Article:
SW: That was brilliant. Wayne said to us senior players, “Listen boys, I’ve got a radical plan. I have to get it past the QRL and the international board, but I think I can.” I’m thinking, what is he on about. Then he said, “I want to bring Alfie home.” We all said, “You beauty!” We knew Alfie would be fine. Then Wayne said, “That’s good because he’s already on the plane!” Alf got into camp, and it’s the only time I’ve ever seen him serious. He knew he couldn’t let Wayne down.

RR: Much of the Sydney media found it ridiculous that a player could come from the British competition into Origin.

SW: That doesn’t surprise me. Sydney can be very cynical about Rugby League and that’s how they think. They laugh at a radical idea. Guys like Alfie, Steve Renouf and Andrew Gee always told how much they respected English Rugby League. We had no doubts Alfie would be okay. 

RR: Back at club level, you won the 2000 Grand Final against the Roosters with a broken arm. How?

SW: It was a 12-week injury, and I played after four weeks. Because it was broken, it could have become a compound fracture which could have sliced through tendons and nerves. That was the risk. It really hurt too! We stayed at Bondi before the preliminary semi-final. The great Ron Massey, who was friends with Wayne and Jack Gibson, came for breakfast with us. He could eat like no one I’ve ever seen, by the way. 

Anyway, Kevvie [Walters] was captain. We all talked it through. I was worried about letting the team down and having to come off early. Typical Wayne then says, “Understand this, if you do it, it’s your decision, and if it goes bad, you have to live with it.” Gee, thanks Wayne. “But if it works, you’ll go into folklore as the bloke who played in a Grand Final with a broken arm.” He insisted I could only play in the final if I played in the preliminary first against Parramatta. Luckily, it all worked out.

RR: What do you remember of the 2001 World Club Challenge?

SW: [Grimaces] … the weather! This isn’t a cop out, but I don’t remember much about the game. I only remember the games we won!

RR: You played with several great players at the Broncos. Can you pick out a couple of unheralded players that you rated highly?

SW: Andrew Gee hurt his foot very badly on one tour and was never the same player again. He was very underrated. He held our tackling records for so long. He could do 70 a game. He was a great mentor for me. Another was Michael de Vere. He got a career through pure determination without having a huge amount of talent and he went on to play for Australia. He was unbelievable. Peter Ryan was probably underrated too – an unfashionable second-rower but tough as teak and really good to play footy with. 

RR: You wrote two books. Why did you try to cancel publication of the second?

SW: I was going through a tough time and had things in my personal life going wrong. There’d been an unsavoury issue with a few Broncos players and a young lady in a toilet. I was assistant coach by now. I gave a very candid account of it for the book, but it was written six months before it was released. So it had all died down and then the book would dredge it all back up, which I realised was unfair on the players. I panicked and foolishly thought I could stop the book coming out. Of course, the moment you say you don’t want it to be released, everyone then wants to read it. People thought I did it to sell more books, but it you know me, you know I’m not capable of that. Life is not perfect, and we all bugger things up. Talking about the players was not a problem. We were all friends then and still are, but I did apologise. Ivan Henjak was the Broncos coach, and he was angry. I told him I’d resign and he agreed.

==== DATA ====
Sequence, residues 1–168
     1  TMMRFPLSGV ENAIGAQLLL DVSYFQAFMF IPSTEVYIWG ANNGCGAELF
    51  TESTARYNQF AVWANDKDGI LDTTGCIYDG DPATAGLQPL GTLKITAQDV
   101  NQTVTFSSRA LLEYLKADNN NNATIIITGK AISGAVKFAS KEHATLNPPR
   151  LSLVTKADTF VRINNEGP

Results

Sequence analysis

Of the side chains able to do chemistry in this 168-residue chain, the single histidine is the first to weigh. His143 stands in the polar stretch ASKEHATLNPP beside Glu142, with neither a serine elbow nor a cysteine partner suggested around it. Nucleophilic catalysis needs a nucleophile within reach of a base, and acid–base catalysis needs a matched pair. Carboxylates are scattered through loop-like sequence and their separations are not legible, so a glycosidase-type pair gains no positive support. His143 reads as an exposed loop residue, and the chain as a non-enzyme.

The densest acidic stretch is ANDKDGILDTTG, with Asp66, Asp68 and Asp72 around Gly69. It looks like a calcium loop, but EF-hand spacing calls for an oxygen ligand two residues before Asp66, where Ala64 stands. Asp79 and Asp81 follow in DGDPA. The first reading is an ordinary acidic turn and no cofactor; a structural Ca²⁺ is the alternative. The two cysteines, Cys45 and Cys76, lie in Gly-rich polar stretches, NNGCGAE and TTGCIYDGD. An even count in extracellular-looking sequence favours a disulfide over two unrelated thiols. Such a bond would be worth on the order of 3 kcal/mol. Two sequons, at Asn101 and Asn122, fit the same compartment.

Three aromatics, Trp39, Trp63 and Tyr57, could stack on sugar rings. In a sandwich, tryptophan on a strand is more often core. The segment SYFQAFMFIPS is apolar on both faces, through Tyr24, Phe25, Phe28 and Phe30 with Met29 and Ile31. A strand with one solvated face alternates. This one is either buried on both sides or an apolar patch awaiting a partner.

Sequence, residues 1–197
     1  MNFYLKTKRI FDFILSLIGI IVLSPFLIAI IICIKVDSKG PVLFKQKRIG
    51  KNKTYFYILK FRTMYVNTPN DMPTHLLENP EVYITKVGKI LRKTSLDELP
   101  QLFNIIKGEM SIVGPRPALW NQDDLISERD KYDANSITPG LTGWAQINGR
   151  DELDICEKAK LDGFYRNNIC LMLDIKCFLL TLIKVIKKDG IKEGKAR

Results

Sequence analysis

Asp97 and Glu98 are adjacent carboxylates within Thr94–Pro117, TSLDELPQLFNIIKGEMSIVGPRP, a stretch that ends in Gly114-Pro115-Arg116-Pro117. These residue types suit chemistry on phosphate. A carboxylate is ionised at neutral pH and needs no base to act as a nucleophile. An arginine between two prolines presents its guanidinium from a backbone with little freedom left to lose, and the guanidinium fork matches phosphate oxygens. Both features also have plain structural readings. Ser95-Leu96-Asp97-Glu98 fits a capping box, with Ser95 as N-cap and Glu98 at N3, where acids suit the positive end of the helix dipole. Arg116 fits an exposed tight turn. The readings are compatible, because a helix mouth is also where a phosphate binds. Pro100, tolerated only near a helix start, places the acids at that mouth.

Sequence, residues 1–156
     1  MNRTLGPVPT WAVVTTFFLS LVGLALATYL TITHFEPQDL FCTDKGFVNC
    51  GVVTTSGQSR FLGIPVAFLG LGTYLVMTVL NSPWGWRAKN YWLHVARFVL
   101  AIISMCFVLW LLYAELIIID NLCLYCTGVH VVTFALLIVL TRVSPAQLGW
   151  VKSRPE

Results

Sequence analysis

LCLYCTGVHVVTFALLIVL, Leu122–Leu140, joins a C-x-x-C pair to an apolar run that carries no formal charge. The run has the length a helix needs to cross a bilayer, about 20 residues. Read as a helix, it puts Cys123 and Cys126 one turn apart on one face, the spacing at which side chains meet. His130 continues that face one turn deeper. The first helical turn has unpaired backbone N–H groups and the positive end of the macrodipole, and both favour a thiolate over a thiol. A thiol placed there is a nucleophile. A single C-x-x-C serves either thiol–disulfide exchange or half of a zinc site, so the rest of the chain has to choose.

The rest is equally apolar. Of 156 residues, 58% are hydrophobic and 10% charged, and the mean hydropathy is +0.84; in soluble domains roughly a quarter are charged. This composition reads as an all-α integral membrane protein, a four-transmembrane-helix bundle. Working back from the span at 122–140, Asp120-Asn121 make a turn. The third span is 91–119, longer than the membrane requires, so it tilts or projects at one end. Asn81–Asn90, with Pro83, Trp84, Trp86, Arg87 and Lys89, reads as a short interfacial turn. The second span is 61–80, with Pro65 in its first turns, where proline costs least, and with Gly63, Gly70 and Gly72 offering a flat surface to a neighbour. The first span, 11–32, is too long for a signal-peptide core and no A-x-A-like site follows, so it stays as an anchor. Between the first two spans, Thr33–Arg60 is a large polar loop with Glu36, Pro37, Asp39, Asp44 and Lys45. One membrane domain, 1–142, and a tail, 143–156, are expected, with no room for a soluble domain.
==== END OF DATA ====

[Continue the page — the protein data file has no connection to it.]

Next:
RR: You career ran almost parallel to that of Gorden Tallis. What can you tell us about him? What made the two of you write an open letter to NRL players in 2001 about off-field behaviour?

SW: During the 2000 World Cup, there had been widespread recreational drug use among some of the Australia players. I’m as anti-drugs as anyone, and I was in favour of compulsory drug testing when it was brought in. I never saw the drug use, but Gorden later brought it up in a newspaper, which was very courageous. He knew it had happened. We went to Wayne, who suggested the open letter. Someone drafted it and we put our names to it. We didn’t want to see our game and our mates go down that path. 

I’m proud we did that and I really admired Gorden for what he did. People hammered us for not naming names, but that wasn’t the point. We just wanted to highlight it was becoming a problem, as it was in wider society. We had to make a stance. Rugby League in Australia – we cop it all the time, but it’s a very honest game. We air our dirty laundry, and we’re not afraid to admit when we bugger it up. Gorden’s attitude was to get it out there, so it could be fixed.

Gorden is one of the great men. I love blokes with conviction and morals. And he was a hell of a good footballer. When he put the foot down, he was unbelievable. He will always be a good mate.

The above content is also available in the regular weekly edition of League Express, on newsstands every Monday in the UK and as a digital download. Click here for more details.